Tiyani Lybon Mabasa was born in Johannesburg on 17 June 1952. The second of eight children, his single mother brought up Mabasa in Soweto.During his high school years in Soweto, Mabasa became aware of the political situation in the country through reading material published by the South African Student Organisation (SASO).

His own experiences of mistreatment by the Security Police and having to produce a pass wherever he went, further awakened him to the reality of the implication of his skin colour. Throughout his school years, Mabasa participated in the SASO’S activities and got involved in the Student Christian Movement (SCM).In 1972, Mabasa enrolled for a Bachelor’s degree in English and Linguistics at the University of the North (Turfloop). He became Chairperson and organiser of the SCM at Turfloop, which not only dealt with Christian issues, but tackled political issues as well.In his final year of study, in 1976, he was refused re-admission to the University due to his political involvement. Mabasa then returned to Soweto and began teaching at Meadowlands High School. It was around this time, that he joined the Black People’s Convention (BCP) led by Steve Biko.In 1976, Mabasa became one of the teachers arrested during the Soweto Student Uprising. He was detained at John Vorster Square, in Johannesburg, for four months. After his release, he resumed teaching but later resigned.

He then began working for the South African Committee for Higher Education (SACHED) in Johannesburg. When most members of the Black Consciousness Movement (BCM) were banned, following Biko’s death, Mabasa managed to evade banning and continued his political activities. In Aril 1978, he, together with other comrades conceptualised the formation of the Azanian People’s Organisation (AZAPO).  Five days later, Mabasa and all the members of his Committee were arrested under Section Six of the Terrorism Act.Mabasa served four months in prison and was released in December 1978. Following this, he was banned which meant that he could not leave the Witwatersrand district or enter an educational institution.He was unemployed for the whole of 1979 because of the banning, which was lifted in 1982, after which he served as Secretary for Culture in AZAPO’s National Council.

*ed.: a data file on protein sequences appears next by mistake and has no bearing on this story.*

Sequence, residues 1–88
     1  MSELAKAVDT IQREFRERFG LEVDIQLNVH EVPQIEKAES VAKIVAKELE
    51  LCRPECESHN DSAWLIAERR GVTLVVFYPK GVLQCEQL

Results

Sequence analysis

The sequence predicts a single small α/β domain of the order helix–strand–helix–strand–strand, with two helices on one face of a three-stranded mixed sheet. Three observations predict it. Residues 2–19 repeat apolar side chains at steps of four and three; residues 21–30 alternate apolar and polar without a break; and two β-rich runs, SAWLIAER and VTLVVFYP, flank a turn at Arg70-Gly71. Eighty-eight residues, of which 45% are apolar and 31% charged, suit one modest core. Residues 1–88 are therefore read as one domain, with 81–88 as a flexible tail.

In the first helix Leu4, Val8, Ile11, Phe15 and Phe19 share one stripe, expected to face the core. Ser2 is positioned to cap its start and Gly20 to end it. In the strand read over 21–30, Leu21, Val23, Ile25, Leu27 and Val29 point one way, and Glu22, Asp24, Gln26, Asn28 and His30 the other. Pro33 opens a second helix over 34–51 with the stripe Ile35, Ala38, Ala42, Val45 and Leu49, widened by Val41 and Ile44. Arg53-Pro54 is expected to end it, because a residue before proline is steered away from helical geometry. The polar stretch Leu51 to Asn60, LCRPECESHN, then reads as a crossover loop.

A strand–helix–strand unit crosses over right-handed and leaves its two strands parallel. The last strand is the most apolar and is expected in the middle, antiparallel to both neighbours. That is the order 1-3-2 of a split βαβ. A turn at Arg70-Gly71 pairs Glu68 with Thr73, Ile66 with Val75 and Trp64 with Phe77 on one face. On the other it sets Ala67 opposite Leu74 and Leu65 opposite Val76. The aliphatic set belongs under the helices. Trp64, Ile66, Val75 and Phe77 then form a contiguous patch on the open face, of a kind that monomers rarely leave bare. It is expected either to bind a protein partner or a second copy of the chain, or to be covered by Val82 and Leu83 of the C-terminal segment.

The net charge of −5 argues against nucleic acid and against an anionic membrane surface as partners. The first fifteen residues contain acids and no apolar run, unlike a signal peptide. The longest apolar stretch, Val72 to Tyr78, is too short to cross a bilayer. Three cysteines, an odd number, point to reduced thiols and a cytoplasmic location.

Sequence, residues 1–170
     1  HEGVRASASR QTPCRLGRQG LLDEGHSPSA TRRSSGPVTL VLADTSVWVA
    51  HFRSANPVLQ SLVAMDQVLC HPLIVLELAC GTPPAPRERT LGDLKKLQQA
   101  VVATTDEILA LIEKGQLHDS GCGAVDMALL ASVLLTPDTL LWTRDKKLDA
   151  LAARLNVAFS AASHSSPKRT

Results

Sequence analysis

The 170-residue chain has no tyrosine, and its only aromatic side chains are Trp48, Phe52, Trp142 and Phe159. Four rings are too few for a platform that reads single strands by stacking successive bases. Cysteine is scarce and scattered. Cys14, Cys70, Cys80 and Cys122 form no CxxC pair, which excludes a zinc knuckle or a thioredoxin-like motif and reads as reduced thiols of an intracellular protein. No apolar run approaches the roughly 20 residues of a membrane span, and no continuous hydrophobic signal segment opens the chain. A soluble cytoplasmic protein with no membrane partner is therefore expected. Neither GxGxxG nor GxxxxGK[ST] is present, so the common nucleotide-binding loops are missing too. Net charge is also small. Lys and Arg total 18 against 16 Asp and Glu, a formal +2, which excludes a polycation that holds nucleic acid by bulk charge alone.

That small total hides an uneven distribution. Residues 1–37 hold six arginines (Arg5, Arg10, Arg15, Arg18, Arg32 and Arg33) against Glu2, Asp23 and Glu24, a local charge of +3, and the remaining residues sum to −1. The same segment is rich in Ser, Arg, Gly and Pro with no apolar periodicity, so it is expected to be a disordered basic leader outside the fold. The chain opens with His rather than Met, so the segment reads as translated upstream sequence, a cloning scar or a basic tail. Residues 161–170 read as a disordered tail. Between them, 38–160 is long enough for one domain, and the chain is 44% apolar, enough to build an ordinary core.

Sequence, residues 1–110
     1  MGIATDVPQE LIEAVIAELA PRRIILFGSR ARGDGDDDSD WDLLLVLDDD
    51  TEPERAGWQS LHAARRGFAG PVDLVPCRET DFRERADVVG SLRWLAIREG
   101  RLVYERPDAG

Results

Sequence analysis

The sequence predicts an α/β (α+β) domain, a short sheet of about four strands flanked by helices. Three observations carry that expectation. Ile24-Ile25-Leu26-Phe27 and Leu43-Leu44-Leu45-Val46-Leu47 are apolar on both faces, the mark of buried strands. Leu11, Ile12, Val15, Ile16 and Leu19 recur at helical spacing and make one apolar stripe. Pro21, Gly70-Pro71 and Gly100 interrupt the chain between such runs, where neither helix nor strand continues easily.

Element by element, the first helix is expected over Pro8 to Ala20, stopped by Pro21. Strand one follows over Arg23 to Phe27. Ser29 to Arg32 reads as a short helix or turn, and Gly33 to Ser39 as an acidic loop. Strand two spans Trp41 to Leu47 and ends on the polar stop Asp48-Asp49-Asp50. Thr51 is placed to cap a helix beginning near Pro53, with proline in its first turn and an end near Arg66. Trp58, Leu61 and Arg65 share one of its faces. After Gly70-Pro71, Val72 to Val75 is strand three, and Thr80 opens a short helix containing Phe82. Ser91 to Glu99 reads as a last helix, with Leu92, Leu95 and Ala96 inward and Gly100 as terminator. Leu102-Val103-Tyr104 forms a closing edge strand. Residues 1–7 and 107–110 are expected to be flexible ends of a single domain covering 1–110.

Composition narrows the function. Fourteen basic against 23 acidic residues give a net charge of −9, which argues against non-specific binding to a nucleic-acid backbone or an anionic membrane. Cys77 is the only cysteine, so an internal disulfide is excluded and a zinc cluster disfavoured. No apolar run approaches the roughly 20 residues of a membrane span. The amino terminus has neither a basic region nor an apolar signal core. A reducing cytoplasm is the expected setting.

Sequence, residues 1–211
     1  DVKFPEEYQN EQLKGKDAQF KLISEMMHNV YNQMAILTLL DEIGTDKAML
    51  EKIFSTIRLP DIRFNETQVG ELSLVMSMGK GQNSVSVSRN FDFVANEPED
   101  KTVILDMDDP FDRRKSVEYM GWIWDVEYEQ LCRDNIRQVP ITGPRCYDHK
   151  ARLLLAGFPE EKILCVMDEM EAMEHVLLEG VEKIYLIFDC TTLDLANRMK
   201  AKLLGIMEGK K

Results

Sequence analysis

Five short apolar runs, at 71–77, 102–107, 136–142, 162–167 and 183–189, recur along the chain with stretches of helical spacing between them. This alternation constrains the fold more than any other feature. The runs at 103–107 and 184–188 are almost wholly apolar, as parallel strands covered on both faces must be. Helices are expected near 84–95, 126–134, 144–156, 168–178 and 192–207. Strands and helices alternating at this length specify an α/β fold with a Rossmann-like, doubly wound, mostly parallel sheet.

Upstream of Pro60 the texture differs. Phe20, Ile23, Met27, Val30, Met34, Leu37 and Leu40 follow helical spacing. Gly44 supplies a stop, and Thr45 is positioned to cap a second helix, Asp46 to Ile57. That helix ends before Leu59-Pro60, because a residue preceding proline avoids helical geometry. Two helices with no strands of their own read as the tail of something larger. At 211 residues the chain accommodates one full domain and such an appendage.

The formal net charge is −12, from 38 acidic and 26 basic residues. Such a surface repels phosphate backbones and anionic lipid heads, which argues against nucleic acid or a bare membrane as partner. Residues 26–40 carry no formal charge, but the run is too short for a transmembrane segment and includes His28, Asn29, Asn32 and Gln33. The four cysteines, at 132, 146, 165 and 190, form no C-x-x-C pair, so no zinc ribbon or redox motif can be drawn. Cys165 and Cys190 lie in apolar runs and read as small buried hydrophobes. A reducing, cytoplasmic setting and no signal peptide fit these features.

AZAPO was officially launched in February 1979. He went on to serve as Vice President and later President. AZAPO dissolved in the 1990s following the resignation of some of its key members, such as Mosiuoa Lekota.  With the release of Nelson Mandela, many of Mabasa’s BCM peers discarded their ideology and adopted those of the African National Congress (ANC). In 1998, Mabasa founded the Socialist Party of Azania (SOPA) based on the BCM values and ideologies as espoused by Steve Biko. In the 1999 elections, Mabasa’s party received only 0.1 percent of the votes and no seats in Parliament.Mabasa  has been very vocal about his views, even travelling to the United States, delivering his message.He is married to Lydia Oko and they have two children. He continues to write and speak on his views.


Gastrow S.,Who’s Who in South African Politics, Ravan Press, Johannesburg pp 131-135|Mabasa L. ‘Socialist Party of Azania,Message from the President’ from SAweb [online] Available at: www.saweb.co.za [Accessed on 22 February 2012]

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